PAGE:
It is a pleasure to serve under your chairmanship, Mr Howarth. I congratulate my hon. Friend John Lamont on securing this important debate. He and I share a passion for ensuring that rural communities such as his, mine in Banff and Buchan and those represented in the Chamber are not left behind in the roll-out of superfast broadband. I welcome the comments from Martin Whitfield on the increasingly essential nature of broadband access. It is no longer a “nice to have”; it is becoming a more and more essential part of everyday life.
Rural broadband is a major priority for the Scottish Conservatives, as it should be. As of 2016, only 83% of Scottish premises had access to superfast broadband. Admittedly that was an increase from 73% the previous year, but it compared with the UK average of 89%. Only one Scottish constituency is in the top 100 for access to superfast broadband speeds, while 23, including my own constituency, are in the bottom 100. What makes the situation particularly frustrating for Scottish Conservative Members of Parliament is that despite the SNP’s claims to the contrary, improving the situation is the responsibility of the Scottish Government in Holyrood. While broadband is a reserved matter and broadband roll-out is a UK-wide policy funded by the UK Government, in Scotland the Scottish Government are responsible for leading the delivery of the roll-out. The House of Commons briefing paper—it is number CBP06643, if anyone is interested—of
“Broadband Delivery UK (BDUK) is responsible for managing the Government’s broadband funding. Individual projects are the responsibility of local authorities in England and the devolved Administrations in Scotland, Wales and Northern Ireland, as set out in BDUK’s delivery model.”
Incidentally, I found it interesting that, as far as I could tell, nobody from the SNP appeared to be present at yesterday’s Parliament and internet conference—I apologise if they were and I did not notice—which was hosted in part by the Minister. It had a significant session in the afternoon specifically on connectivity. With their constant grievance that the internet is reserved, I would have thought that SNP Members would have been all over it, putting pressure on the Minister. The First Minister, Nicola Sturgeon, certainly did not seem to think that the matter was reserved last year when she pledged that the Scottish Government would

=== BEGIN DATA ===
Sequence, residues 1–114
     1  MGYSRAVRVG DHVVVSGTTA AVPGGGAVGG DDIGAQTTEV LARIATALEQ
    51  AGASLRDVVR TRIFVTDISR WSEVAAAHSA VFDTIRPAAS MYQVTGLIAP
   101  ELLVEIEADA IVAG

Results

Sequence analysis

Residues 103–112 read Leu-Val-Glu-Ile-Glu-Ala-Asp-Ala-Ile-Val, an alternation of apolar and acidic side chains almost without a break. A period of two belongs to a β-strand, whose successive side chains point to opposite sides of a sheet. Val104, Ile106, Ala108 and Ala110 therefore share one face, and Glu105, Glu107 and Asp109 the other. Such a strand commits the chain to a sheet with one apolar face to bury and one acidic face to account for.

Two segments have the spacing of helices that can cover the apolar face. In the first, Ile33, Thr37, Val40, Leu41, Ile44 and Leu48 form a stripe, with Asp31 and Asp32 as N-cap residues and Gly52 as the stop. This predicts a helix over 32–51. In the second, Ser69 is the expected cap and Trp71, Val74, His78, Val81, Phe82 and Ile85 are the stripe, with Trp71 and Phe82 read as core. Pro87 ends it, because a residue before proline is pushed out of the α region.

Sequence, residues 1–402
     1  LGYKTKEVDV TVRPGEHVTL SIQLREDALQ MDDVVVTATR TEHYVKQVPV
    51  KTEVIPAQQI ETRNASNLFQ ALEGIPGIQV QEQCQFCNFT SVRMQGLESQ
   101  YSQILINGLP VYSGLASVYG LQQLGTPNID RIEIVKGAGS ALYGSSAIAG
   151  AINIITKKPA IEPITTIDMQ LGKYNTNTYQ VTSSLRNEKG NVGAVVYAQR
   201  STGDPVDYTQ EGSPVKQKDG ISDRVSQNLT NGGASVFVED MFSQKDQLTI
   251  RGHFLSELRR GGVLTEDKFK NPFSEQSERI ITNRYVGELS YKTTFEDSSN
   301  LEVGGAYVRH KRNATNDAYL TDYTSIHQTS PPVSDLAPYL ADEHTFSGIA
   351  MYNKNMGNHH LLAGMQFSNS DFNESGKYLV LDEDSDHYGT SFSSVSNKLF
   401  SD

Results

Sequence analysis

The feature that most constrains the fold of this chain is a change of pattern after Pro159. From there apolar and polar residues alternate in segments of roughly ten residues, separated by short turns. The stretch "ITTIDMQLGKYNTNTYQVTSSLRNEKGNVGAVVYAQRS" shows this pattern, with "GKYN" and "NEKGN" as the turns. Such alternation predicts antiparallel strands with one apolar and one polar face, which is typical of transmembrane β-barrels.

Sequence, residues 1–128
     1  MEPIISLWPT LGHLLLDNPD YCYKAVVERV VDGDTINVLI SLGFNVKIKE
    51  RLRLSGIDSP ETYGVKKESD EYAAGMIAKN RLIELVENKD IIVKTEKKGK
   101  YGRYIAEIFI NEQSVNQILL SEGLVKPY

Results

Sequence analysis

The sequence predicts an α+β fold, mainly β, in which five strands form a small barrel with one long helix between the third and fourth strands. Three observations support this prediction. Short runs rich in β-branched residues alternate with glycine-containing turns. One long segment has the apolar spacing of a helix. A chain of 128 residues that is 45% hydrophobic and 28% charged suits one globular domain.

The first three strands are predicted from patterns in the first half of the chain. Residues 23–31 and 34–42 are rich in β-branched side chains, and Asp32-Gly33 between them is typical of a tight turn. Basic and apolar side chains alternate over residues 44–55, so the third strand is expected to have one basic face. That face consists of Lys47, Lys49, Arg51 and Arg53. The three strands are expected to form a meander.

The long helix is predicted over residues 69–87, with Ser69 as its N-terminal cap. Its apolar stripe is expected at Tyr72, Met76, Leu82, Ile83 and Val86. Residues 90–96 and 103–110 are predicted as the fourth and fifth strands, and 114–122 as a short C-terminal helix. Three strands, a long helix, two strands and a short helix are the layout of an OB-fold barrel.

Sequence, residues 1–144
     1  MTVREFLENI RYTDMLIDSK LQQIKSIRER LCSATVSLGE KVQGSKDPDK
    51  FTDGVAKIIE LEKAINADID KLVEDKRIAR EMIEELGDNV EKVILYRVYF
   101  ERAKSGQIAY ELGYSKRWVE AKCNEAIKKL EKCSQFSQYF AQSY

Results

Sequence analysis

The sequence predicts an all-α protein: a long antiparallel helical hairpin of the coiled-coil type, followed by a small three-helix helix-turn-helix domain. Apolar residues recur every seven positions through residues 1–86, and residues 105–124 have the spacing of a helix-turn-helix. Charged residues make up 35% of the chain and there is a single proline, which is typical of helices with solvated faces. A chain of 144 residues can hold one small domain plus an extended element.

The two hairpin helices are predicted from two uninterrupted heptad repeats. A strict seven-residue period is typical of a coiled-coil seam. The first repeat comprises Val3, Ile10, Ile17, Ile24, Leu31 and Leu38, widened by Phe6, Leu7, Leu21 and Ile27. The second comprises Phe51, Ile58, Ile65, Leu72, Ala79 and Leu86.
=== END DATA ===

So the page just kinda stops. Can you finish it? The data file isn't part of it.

“ensure that 100 per cent of homes and businesses across Scotland have access to superfast (30Mbps) broadband by 2021.”
That is an interesting promise to make if the matter is indeed reserved and thus out of her hands.
I am told that Banff and Buchan has an average download speed of about 6 megabits per second. Having conducted similar surveys to some of my colleagues, I have never heard of anyone who actually has anything like 6 megabits per second. They either have reasonably good coverage if they are reasonably close to a cabinet, with a speed somewhere between 10 and 24 megabits, or they have next to nothing. If I understand the arithmetic, it suggests that far more people have less than 2 megabits per second than have more than 10 megabits.
Many of my constituents can only dream of speeds as high as 6 megabits, never mind the USO of 10 megabits. My hometown of Turriff, which is the third largest town in the constituency, only recently got fibre to cabinet. In my case, being less than a kilometre from the cabinet brings me up to 10 megabits per second on average, but most of my constituents in the rural areas struggle to get speeds of even close to 2 megabits per second, assuming that they can get online at all. It is also worth noting that while the Scottish Government expect 95% of premises to have access to superfast broadband by the end of 2017, in Aberdeenshire, which takes in my constituency, Gordon and West Aberdeenshire and Kincardine, it is predicted that around 11% will still not have access to superfast by that time.
The world is becoming more and more connected. If our communities and premises are not adequately connected, communities will fall further and further behind the rest of the country—indeed, the world, as has already been mentioned. An increasing number of important services, including Government and local government services, are moving online, sometimes exclusively, and with each such service the situation for my constituents gets worse.
Relatively recently, we talked about something called the internet of things. That is rapidly becoming more like the internet of everyone and everything, but sadly not for everyone: only for those with a decent connection. There is simply too much acceptance of the problem.